Hilary, I think this is clasified as advice?
Elfin Davy 09  
#9 Posted : 08 August 2017 14:49:20(UTC)
Rank: Forum user
Elfin Davy 09

Advice was asked for and whether it was actually “given” or “suggested” is in the eye of the beholder I suppose.

Whilst I’m all for helping someone out if at all possible, on this occasion I’m less than comfortable with the information (or lack of) supplied by the OP, and it’s for that reason that I personally wouldn’t have responded – at least not without asking further questions. 

Firstly, it’s not an “accident at work”, so there’s no need to put it in an accident book. 

The OP says that ear plugs were provided and worn, but the suggestion is that the ear plugs provided weren’t up to the job.  However, if noise levels were such that ear plugs weren’t adequate, wouldn’t that set alarm bells ringing anyway ?  Any ear plugs (if worn correctly) should offer a reasonable level of hearing protection, and I know that if MY fillings were falling out because of noise – particularly so if I was already wearing ear plugs! – I’d be asking for something a little more substantial rather than just putting up with it.

Then there’s the duration of noise….  Did it last an hour ?  A day ?  A week ?  A month ?

Whilst I fully appreciate and accept that it is possible for one off exceptionally high noise events to cause hearing problems, it would have to be REALLY loud for a short-term event to cause “poor hearing and tinnitus” some six weeks later as hearing does usually recover (even if arguably not fully) unless exposure is long-term.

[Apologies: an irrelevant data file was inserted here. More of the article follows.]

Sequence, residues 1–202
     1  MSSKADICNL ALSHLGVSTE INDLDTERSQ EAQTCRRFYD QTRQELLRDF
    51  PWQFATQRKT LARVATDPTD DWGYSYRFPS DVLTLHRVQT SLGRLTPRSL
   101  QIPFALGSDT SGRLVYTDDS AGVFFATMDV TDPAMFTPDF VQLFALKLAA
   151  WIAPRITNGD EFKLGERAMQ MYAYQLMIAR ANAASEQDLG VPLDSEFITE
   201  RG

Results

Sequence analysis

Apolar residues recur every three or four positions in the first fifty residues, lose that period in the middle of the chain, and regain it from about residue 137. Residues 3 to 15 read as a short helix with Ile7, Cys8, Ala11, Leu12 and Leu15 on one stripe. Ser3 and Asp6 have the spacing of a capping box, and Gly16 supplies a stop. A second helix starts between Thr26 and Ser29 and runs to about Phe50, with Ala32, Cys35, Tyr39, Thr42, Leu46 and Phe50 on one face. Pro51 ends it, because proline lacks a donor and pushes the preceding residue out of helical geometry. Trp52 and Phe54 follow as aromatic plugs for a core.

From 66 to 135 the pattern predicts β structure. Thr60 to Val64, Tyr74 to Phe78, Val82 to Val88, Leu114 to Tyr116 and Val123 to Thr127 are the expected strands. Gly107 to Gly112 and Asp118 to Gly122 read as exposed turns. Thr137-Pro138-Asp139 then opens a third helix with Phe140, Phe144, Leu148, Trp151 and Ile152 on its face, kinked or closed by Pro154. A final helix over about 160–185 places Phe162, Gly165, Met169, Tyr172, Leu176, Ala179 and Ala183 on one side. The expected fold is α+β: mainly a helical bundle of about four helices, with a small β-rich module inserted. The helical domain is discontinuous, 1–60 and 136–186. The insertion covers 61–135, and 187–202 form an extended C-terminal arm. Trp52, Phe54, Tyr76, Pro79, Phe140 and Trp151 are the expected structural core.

I also find it strange that a main contractor would provide ear plugs without going into a little more detail as to why/where/when they actually needed to be worn (and if such info wasn’t provided, why wasn’t it requested) ?  I presume a CSCS card was required for access to the site, and part of the health and safety aspect of obtaining a card makes it clear that site operatives share responsibility for their own health and safety and should therefore always seek clarification if they ever feel that not enough information has been provided about anything related to health and safety.